6. Conclusion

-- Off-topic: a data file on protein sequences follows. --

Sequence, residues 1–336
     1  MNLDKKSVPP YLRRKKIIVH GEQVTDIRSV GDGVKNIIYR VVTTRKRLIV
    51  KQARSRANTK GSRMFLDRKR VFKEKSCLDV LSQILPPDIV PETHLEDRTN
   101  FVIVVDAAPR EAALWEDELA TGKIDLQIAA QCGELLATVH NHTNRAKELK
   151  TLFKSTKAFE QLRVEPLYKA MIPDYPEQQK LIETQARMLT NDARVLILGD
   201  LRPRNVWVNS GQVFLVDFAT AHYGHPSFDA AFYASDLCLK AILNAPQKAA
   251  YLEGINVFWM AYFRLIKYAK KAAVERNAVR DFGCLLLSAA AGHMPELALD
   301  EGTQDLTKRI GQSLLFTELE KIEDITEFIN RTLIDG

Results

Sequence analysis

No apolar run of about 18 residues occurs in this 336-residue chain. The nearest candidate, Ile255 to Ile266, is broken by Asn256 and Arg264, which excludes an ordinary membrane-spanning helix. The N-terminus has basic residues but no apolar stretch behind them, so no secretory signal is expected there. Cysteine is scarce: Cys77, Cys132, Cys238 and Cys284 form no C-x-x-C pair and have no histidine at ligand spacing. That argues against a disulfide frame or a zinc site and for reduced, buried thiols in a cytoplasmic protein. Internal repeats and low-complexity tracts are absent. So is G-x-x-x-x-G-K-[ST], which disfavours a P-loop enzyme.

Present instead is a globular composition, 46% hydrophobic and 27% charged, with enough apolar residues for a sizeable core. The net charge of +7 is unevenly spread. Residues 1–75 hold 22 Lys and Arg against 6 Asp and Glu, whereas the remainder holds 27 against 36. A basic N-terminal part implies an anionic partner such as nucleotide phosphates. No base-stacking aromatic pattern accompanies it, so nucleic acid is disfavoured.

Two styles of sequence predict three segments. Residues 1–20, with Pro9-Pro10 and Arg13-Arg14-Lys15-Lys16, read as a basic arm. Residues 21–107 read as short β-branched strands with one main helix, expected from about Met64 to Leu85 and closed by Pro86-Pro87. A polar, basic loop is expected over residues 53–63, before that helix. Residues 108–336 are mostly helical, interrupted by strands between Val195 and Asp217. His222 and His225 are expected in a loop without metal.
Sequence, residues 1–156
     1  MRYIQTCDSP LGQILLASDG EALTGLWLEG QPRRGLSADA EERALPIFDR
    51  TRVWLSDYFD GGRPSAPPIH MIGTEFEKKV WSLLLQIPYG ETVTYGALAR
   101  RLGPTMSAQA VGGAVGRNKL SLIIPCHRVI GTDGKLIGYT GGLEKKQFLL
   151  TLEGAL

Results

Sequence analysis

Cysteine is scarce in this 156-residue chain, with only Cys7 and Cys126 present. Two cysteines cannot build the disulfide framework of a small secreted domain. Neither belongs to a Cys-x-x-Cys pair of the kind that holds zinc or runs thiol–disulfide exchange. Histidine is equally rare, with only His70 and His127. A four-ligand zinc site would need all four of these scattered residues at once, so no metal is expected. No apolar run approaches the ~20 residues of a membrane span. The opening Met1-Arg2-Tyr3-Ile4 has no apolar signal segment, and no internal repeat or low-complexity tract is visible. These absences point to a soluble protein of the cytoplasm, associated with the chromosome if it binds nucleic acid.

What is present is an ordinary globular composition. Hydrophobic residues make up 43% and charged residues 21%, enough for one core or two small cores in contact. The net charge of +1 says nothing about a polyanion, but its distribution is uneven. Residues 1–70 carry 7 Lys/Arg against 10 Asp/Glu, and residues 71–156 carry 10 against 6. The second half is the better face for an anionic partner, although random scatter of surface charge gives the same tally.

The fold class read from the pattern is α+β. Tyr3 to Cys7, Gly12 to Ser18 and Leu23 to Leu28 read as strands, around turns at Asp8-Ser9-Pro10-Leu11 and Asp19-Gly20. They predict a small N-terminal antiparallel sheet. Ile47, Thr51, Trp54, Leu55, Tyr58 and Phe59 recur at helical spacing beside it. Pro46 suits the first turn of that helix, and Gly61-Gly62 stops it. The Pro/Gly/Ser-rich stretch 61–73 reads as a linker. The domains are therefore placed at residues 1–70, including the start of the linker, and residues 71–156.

Although redox has been extensively studied in the context of both T1D and type 2 diabetes [85, 215], the plethora of literature discussed above shows the implications of ROS in all stages of autoimmune T1D, including the primary “trigger”, the initiation of insulitis by the innate immune system, and the acquisition of T-cell-mediated autoreactivity. These studies open the door to novel ideas of redox modulation, such as targeting ROS-dependent immunological metalloproteases [43, 44, 49] or disrupting the autoreactive T-cell pool, as described [37, 120, 185]. Moreover, a study evaluating self-antigen-primed T cells demonstrates how NO is able to reduce FOXP3 expression and subsequently decrease Tregs in autoimmune disorders [216], illustrating how intricate and vast the role of redox is in the immune response and where future studies may focus. In addition to effects on the target organ(s) and the immune system, autoimmunity also gives rise to systemic problems, and in the context of diabetes, ROS have been characterized as crucial elements promoting hyperglycemia-induced diabetic complications, especially those involving the vasculature [6, 217]. One important study conducted by Ling et al. provided evidence of oxidative stress-mediated vascular complications in prediabetic NOD mice [218], which exemplifies the importance of ROS in not only exacerbation of disease, but also on initiation of T1D and nonhyperglycemic associated pathologies. Furthermore, utilizing antioxidants, such as Vitamin E, cannot only assuage vascular activation [219], but can also grant protection from the loss of secondary target organ function, such as the kidneys [220]. Therefore, oxidative stress affects every aspect of T1D and the benefit of redox modulation may be more important than once thought. Optimal treatments may have to incorporate antioxidants with anti-inflammatory agents, such as inhibitors of NF-κB activation, and must also take into consideration the limitations associated with utilization of intact enzyme/protein therapies, including bioavailability, immunogenicity-limited cellular accessibility, and cost of production. However, with the advent of newer nonpeptidyl small compounds, alleviating oxidative stress through antioxidant therapy appears to be a plausible druggable target. This therapy should restore balance between oxidation and reduction, leading to resolution of inflammation, thus reducing the autoimmune destruction of the islet β-cells.